by Brian Hassett
In some of the best news in Beatlandia in many a year — it’s just been announced that (A) the Kerouac estate has signed the inimitable Holly George-Warren to be the official biographer of Jack — a role originally filled by Doug Brinkley back in the ’90s until he got lured away by some other beatniks of history. And (B) the book — working title Jack Kerouac: A Writer’s Life — has just been signed to Viking Press — the original publisher of On the Road, and which has become home to most all of Kerouac’s 50 different books in print.
And speaking of books in print, Holly has a ton of them herbadself — Janis: Her Life and Music (2019); A Man Called Destruction: The Life & Music of Alex Chilton (2014); Martin Scorsese Presents The Blues (2011); The Cowgirl Way: Hats Off to America’s Women of The West (2010); The Road to Woodstock (with Michael Lang, 2009); Grateful Dead 365 (2008); Public Cowboy No. 1: The Life & Times of Gene Autry (2007); Punk 365 (2007); Honky-Tonk Heroes and Hillbilly Angels: The Pioneers of Country & Western Music (2006); The Rolling Stone Encyclopedia of Rock & Roll (2005); The Appalachians: America’s First and Last Frontier (2004); Cowboy, How Hollywood Invented The Wild West (2002); How The West Was Worn (2001); The Rolling Stone Book of the Beats (1999) . . .
In the Full Disclosure Department — Holly and I met in the East Village in the mid-’90s when we were both Howling there, and we connected over a love of the still-vibrant downtown music & arts scene, with an undercurrent of us both being able to talk Beats and beats by the hour.
When The Rolling Stone Book of the Beats first hatched over at Rolling Stone with Holly at the helm, we had about a thousand conversations about it as it grew from an idea into one of the most inclusive & complete portraits of the Beats ever created.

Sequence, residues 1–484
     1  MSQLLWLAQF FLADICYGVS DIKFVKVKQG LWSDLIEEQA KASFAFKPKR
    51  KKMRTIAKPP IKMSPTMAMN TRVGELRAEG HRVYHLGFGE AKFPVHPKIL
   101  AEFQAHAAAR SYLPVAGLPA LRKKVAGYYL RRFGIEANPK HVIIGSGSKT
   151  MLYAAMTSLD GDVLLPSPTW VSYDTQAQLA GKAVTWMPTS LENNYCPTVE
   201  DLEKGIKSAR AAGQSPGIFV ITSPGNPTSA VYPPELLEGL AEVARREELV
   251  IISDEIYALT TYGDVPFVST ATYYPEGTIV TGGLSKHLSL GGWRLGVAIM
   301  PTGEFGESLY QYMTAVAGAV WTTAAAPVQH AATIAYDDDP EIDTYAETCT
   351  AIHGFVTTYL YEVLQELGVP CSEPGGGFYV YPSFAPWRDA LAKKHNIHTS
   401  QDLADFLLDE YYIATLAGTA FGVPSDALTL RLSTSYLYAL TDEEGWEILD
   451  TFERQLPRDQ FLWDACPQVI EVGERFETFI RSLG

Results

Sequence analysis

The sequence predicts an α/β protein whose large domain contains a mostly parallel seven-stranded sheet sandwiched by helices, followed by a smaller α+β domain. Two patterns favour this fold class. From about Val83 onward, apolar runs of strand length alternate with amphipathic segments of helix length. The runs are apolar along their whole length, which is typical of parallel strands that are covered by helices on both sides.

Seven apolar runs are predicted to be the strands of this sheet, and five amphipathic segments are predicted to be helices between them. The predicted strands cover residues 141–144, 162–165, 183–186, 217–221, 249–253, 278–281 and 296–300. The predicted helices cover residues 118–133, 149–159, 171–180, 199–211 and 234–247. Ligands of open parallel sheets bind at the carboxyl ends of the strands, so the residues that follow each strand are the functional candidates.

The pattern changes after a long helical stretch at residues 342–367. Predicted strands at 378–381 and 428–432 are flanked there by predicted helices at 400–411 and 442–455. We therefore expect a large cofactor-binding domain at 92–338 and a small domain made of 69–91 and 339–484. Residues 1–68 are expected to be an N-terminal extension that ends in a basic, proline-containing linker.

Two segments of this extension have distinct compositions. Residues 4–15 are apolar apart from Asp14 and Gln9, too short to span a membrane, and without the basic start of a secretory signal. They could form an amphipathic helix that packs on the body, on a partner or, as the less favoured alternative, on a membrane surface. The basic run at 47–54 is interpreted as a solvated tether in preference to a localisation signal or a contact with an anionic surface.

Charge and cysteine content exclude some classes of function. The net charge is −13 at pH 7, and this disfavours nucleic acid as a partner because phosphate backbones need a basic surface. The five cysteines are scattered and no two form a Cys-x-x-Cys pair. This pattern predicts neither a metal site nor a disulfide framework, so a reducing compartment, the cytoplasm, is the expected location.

And now 20-sumpthin years later — a similar movie has just been green-lit! And this one no less than Jack’s official biopic! And thank gawd the screenplay didn’t go to some agenda pimp or academic wanker, but to an experienced cinematographer biographer with a passion for Jack and a fresh (and female!) perspective.
So I took this exploding-like-spiders-across-the-stars moment to catch up with Holly and get summa the deets —
Why the heck does the world need another Kerouac biography? What’s gonna be different about this one?
I hope to find buried treasures during a very long, in-depth search in the archives that shed new light on Kerouac’s writing process and life and thought process. I’ll be looking at his life & work through a 21st century lens — and I’ll be bringing a fresh perspective to his oeuvre and the story of his life.
What does an “estate-sanctioned” biography mean, exactly?
The Kerouac estate and their literary agent reached out to me last fall after reading Janis. They said they hoped I would apply the same research, storytelling and contemporary viewpoint to Jack that I brought to Janis. They offered me complete access to the estate-controlled archives, and permission to quote from any of the personal papers etc., but with no controls or editorial approvals over my manuscript. I got my literary agent involved and we have a contractual agreement to that effect.
This is also the agreement I had with the Joplin and Autry estates. I would not embark on a biography like this without that autonomy being guaranteed in writing. I included this in the very lengthy book proposal that I worked on for months, and my agent conducted an auction with numerous publishers bidding, and I decided on Paul Slovak at Viking. It was so heartening to get so much interest from some amazing editors at a number of publishing houses!
Cool! That’s a great story unto itself! What did you take from doing The Rolling Stone Book of the Beats that made you wanna dig into Jack more?